Today's hospital beds are a product of 1800s innovation, steadily improving with each decade's advancements in health care, engineering, and technology. Patient beds today not only provide a place for rest and recuperation, they can actually improve patient outcomes and prevent medical complications. In today's post, we'll look at some of those improvements and suggest directions for the future.
Projects to improve the patient's environment are critical to optimizing patient outcomes. Getting rid of moisture-trapping materials, opening rooms up to natural light, and installation of biocidal materials to kill bacteria are all important construction projects for today's medical facility. Construction, however, comes with its own risks which must be anticipated. The American Society for Health Care Engineering (ASHE) released an updated Infection Control Risk Assessment (ICRA 2.0) tool, the result of several years of expert collaboration. The tool is a 4-step process to guide healthcare facilities on how to mitigate infection risk during maintenance or construction projects. In today's post, we will highlight 7 improvements to the new tool, and implications for the infection preventionists tasked with supervising their implementation.
Exploration of the Golden Age of Microbiology would not be complete without a look at how its discoveries impacted hospitals and medical care. Today’s post takes us into the 1800s hospital, where the “good old surgical stink” was just as familiar as the blood-stained aprons worn (with some pride) by doctors. In fact, that “stink” was what led one pioneering microbiologist to make a very helpful connection.
You go to a professional conference and learn about an exciting new medical innovation. You think it might work at your facility, so you go ahead and authorize its purchase and are ready to go. Then you wake up from your daydream and remember all the steps required to get that exciting new innovation into your facility - if that is even possible. With a sigh, you move on to your next session, thinking, how can we fast-track those medical innovations that could really make a difference in patient outcomes? What would that take? In today's post, we'll look at some of the things your facility can expect if they want to fast-track a medical innovation, and some ideas to make that process successful.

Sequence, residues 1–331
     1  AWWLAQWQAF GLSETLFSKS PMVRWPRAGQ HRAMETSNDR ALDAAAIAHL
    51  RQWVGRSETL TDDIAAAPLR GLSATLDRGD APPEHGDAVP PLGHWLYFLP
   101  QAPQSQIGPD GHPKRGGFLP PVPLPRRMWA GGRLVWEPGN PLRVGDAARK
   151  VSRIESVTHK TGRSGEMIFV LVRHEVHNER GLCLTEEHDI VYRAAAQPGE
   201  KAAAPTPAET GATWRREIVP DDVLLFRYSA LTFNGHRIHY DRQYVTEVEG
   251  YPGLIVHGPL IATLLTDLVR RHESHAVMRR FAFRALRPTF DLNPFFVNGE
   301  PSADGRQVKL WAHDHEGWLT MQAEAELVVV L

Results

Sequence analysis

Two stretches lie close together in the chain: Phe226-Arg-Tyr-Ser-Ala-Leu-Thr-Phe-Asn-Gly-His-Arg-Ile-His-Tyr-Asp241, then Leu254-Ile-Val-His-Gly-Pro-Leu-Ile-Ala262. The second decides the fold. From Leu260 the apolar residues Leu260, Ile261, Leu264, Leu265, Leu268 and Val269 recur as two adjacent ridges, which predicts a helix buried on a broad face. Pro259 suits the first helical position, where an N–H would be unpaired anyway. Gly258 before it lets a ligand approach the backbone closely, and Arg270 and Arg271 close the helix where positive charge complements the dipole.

The 2022 Olympics are underway and we will watch so many performances by talented and determined athletes from around the world. The speed, agility, strength, and stamina of these young men and women is obvious. Less obvious are the complex rules and scoring for the 15 winter sports and their 109 medal events. In a way, the complicated rules and scoring might remind someone of the complicated algorithms for hospital scoring! Taking this idea a little further, we wondered... What if hospitals were scored like Winter Olympics sports?
What happens after laboratory tests confirm that an environmental product kills bacteria? Is that the end of the line for testing a product's efficacy? One pair of researchers say no. Here is their proposal for an evidence hierarchy that describes how, in theory, data can begin to connect a product to a reduction in HAIs. While many regulatory agencies exist to protect the consumer by ensuring that HAI reduction claims are true, it is important for us to still be aware of the burden of proof in research, and how that plays out in a laboratory and real-life setting.
The word “reputation” comes from words meaning “to judge repeatedly.” This idea of forming an opinion, and reforming it over and over again as time goes on, is the critical aspect of reputation: It is not something that is set in stone, but rather, is reconsidered and reevaluated indefinitely. This is especially true with a hospital’s reputation, which can move positively or negatively in the span of months, reflecting the impact of news coverage, public ratings, or financial status. So what is the role of infection prevention and control in helping form - and maintain - a hospital’s good reputation?
Although COVID-19 is taking the most attention, Medicare continues to penalize hospitals with the highest patient safety incidents. In today's post we explore the whole issue of Medicare reimbursements, penalties, and safety programs.
In the 1920’s and 30’s, the nation was swept up in the Efficiency Movement, an effort to rid every aspect of human life of waste and unproductive activity. Researchers were dispatched to factory floors, classrooms, and even family living rooms with the mission of finding the optimal formula for efficient and productive work, a formula supported by the new excitement over science and experimentation. Within this context, a study was conducted at the Hawthorne Works, a factory making telephone equipment for Western Electric, to determine the optimal illumination level for worker productivity. These experiments went on for eight years, and ended with little fanfare. Decades later, however, Henry A. Landsberger revisited these studies, discovering a pattern that revealed more about human nature than about workplace illumination. This pattern still impacts research today, where it is known as the Hawthone effect.
We live in an environment teeming with microscopic organisms. They cover not only the surfaces we touch, but also our skin and even our insides. We are not aware of this bioburden most of the time, and even if we do get the flu or if a cut gets infected, we treat it ourselves and move on without a second thought.
Some of us are not so lucky.